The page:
The following analysis of the theory of special relativity proves conclusively that all formulas and physical effects devolve to those of classical mechanics and electrodynamics. Specifically, they identify relativistic effects as due to the Doppler modifications of wavelengths, frequencies and energies naturally occurring because of the finite velocity of light in the observer's frame of reference.


  • Hoek, Fizeau, and Einstein's Special Relativity (2008) [Updated 4 years ago]
    by Walter Babin   read the paper:

    One of the principal concerns of early experimenters in electromagnetism was the detection of a carrier for light waves (the aether). Theories in the mid 1800's ranged from that of Stokes, where it was assumed the aether was completely carried along by matter, to Fresnel and partial convection, to Maxwell and the universal aether, where light did not participate in the motion of matter in the slightest. The main problem in resolving the issue lay in an inability to obtain accuracy greater than first order in terrestrial experiments, because of the exceedingly small ratio between the velocities attainable for material objects and that of light (v/c).


  • Relativistic Transformation Equations (2006) [Updated 1 decade ago]
    by Walter Babin   read the paper:

    The Lorentz transformation equations were developed to retain an absolute frame of reference (the aether) while incorporating the null results of the Michelson-Morley experiment. The Einstein interpretation dispensed with the aether. However, the two theories are equivalent since according to the Lorentz interpretation, there is no method one can use to identify an absolute frame of reference if it indeed exists.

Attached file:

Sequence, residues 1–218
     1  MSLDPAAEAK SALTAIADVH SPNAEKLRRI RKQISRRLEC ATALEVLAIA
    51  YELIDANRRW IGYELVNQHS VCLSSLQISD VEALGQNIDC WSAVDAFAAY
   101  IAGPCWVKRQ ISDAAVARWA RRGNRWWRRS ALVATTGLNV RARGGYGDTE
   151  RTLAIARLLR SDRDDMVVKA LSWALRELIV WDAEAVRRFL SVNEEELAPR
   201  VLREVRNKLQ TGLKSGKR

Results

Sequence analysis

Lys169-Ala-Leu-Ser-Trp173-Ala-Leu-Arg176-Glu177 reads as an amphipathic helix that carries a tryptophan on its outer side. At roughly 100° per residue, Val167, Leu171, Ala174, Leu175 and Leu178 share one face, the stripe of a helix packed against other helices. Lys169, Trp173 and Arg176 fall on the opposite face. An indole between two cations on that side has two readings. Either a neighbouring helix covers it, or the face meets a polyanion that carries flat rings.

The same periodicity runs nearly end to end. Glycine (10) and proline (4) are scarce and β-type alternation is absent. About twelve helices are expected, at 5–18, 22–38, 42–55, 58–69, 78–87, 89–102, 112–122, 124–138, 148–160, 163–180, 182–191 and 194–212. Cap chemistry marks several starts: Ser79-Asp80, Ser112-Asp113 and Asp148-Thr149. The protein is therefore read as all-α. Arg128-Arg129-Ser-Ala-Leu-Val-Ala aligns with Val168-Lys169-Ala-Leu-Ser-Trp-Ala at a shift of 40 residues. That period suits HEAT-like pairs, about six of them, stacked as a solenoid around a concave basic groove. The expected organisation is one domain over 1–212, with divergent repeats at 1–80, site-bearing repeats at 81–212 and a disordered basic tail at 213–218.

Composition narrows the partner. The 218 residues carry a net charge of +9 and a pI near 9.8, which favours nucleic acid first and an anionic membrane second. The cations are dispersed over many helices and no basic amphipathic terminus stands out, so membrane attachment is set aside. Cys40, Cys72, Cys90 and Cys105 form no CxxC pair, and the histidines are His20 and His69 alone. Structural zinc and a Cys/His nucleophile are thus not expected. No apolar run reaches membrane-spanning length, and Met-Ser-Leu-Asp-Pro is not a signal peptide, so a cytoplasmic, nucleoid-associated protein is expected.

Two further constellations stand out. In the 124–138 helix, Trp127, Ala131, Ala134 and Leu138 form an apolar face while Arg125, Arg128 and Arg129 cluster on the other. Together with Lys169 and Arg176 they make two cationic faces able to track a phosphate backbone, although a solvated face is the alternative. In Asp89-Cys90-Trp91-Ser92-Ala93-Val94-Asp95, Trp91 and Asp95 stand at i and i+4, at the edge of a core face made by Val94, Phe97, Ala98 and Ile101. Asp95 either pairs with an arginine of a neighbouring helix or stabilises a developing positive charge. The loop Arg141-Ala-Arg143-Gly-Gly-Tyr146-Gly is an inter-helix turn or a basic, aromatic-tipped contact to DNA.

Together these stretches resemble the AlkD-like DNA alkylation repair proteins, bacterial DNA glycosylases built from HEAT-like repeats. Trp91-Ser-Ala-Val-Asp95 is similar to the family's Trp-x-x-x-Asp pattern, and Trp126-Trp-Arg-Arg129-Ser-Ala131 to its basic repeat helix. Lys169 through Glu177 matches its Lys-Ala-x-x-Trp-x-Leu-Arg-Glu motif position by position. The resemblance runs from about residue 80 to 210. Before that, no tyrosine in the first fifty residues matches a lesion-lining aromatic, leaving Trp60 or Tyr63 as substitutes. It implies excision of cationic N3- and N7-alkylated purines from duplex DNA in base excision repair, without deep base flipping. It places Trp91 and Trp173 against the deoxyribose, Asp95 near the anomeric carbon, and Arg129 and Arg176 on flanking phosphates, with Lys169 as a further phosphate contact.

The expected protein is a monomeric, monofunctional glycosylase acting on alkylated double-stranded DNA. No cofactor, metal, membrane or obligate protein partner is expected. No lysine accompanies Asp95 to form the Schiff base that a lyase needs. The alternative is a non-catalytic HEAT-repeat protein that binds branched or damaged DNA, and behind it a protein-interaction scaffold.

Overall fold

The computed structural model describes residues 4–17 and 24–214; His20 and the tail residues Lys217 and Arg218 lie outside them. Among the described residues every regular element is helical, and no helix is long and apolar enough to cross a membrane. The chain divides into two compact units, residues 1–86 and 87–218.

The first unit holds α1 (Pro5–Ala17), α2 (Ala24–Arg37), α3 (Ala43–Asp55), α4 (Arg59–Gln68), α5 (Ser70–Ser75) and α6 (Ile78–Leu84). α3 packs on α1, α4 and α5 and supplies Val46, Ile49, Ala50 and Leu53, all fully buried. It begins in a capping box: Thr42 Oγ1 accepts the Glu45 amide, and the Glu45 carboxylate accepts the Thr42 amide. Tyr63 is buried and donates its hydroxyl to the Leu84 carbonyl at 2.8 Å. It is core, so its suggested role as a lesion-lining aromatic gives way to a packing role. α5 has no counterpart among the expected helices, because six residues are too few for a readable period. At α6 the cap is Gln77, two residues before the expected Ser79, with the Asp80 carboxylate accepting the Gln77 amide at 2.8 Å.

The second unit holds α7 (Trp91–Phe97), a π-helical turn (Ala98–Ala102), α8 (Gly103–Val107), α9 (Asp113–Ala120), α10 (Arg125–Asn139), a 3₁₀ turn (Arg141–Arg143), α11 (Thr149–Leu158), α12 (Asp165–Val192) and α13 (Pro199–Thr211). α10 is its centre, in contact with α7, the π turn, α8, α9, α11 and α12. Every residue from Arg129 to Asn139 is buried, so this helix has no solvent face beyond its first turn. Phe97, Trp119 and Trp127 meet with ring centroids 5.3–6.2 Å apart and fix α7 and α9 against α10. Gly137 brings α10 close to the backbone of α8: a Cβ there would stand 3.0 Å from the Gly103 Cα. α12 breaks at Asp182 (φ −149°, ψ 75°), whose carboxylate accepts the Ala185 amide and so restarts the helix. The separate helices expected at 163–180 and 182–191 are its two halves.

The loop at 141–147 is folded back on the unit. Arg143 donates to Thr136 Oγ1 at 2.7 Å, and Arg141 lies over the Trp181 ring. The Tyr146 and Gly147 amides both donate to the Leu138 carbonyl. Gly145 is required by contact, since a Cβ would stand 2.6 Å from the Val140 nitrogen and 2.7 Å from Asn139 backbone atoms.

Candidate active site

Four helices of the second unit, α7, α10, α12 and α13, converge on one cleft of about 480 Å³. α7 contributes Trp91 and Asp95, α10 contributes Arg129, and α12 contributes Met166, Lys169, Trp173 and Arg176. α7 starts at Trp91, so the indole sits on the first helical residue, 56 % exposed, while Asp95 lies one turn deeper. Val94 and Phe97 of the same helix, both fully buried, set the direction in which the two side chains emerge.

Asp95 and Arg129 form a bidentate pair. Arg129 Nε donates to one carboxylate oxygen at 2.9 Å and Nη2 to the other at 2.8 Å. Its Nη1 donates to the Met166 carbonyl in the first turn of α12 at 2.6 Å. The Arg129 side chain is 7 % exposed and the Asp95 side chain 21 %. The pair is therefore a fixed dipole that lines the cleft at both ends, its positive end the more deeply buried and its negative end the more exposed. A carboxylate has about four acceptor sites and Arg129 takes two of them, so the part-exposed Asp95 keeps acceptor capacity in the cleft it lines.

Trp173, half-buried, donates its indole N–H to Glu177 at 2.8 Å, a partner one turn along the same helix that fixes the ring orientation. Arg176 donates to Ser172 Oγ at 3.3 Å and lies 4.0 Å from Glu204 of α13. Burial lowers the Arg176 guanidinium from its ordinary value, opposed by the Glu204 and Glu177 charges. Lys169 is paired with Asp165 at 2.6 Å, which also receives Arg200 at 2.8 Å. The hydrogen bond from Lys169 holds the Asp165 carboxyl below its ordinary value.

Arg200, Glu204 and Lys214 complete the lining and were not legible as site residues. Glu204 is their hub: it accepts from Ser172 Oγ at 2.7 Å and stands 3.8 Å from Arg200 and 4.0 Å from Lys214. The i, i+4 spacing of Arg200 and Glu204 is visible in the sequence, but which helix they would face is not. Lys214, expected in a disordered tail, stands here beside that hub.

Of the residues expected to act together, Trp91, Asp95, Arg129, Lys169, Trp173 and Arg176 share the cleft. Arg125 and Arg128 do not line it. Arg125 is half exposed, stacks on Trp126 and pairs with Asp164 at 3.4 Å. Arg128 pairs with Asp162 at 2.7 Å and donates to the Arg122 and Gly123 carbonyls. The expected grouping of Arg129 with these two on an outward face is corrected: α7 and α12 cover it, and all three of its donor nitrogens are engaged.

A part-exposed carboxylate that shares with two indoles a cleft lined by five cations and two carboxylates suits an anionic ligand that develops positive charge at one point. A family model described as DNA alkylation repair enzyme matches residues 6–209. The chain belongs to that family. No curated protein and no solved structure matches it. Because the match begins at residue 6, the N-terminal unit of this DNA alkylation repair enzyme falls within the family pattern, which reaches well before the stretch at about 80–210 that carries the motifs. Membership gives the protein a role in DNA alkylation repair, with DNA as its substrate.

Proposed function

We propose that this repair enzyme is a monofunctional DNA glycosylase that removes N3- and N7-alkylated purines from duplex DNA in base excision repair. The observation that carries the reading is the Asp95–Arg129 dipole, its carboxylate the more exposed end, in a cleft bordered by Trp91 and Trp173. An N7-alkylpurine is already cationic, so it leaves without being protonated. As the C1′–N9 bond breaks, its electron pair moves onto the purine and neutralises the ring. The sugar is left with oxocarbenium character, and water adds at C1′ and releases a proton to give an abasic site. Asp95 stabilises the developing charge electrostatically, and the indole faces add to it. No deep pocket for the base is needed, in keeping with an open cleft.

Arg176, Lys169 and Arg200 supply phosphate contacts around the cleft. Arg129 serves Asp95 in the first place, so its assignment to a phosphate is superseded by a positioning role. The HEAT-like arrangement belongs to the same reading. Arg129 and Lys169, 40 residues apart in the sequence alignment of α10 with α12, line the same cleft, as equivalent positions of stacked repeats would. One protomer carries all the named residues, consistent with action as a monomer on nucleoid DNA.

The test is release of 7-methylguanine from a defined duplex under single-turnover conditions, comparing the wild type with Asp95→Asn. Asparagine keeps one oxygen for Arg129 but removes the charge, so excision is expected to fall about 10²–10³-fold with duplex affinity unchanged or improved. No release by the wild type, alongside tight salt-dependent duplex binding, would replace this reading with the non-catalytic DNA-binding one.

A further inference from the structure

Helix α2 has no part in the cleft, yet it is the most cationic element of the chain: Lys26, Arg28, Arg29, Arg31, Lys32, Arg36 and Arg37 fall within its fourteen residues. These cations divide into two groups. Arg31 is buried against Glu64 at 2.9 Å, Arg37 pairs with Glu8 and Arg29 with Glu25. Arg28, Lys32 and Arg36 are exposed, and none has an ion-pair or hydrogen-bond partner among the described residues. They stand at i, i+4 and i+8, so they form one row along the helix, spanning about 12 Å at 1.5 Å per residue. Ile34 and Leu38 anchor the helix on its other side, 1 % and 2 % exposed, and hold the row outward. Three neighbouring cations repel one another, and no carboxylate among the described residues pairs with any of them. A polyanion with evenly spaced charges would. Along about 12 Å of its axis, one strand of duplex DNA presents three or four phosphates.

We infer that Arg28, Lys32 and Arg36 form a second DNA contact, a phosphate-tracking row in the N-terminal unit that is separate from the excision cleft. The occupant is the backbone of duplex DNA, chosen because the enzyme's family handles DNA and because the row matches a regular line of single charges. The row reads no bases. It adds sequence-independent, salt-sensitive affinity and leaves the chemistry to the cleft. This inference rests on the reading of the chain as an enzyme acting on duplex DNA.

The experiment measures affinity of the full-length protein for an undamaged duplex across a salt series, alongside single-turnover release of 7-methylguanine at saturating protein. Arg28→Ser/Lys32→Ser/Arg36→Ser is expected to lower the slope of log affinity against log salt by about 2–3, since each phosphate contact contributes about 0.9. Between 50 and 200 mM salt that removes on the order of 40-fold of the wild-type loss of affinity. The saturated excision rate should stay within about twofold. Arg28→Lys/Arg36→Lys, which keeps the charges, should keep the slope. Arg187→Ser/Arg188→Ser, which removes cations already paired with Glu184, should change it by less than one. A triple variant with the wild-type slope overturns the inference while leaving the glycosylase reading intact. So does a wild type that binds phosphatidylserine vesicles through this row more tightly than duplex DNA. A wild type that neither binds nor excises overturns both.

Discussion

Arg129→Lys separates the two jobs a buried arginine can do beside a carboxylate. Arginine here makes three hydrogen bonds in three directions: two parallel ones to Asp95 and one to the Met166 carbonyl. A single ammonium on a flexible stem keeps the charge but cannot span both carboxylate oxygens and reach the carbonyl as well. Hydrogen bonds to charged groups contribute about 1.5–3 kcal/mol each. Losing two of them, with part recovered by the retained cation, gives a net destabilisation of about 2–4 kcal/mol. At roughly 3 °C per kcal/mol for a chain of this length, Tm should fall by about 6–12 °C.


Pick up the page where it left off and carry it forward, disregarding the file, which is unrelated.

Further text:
Both theories employed the dilation of time and the contraction of space. This was principally a mathematical exercise that disregarded the physical and logical consequences involved in maintaining a constant velocity for light.


  • Superluminal Speeds and Superconductivity (2003) [Updated 4 years ago]
    by Walter Babin   read the paper:

    Both superluminal velocities and superconductivity are shown to devolve naturally from the generalized equations of motion identified in an earlier paper1. The behavior of "mass" as it approaches and exceeds light speed under uniform acceleration is illustrated and the statistical anomaly of barrier potential tunnelling is resolved. A significant difference between the angular and linear velocities involved in orbital motion is identified. Introduction: Sufficient experimental evidence exists for superluminal velocities although such is not accepted by the scientific community. This is primarily due to the assumed limitations on light speed imposed by special relativity and classical electrodynamics as well as the lack of a sound theoretical basis for exceeding it. Conversely, superconductivity is a well-established and recognized phenomenon but it also suffers from the absence of a comprehensive theory. In the following, it is shown they are both readily explained by one theory and identified as the extreme positions of kinetic and potential energies.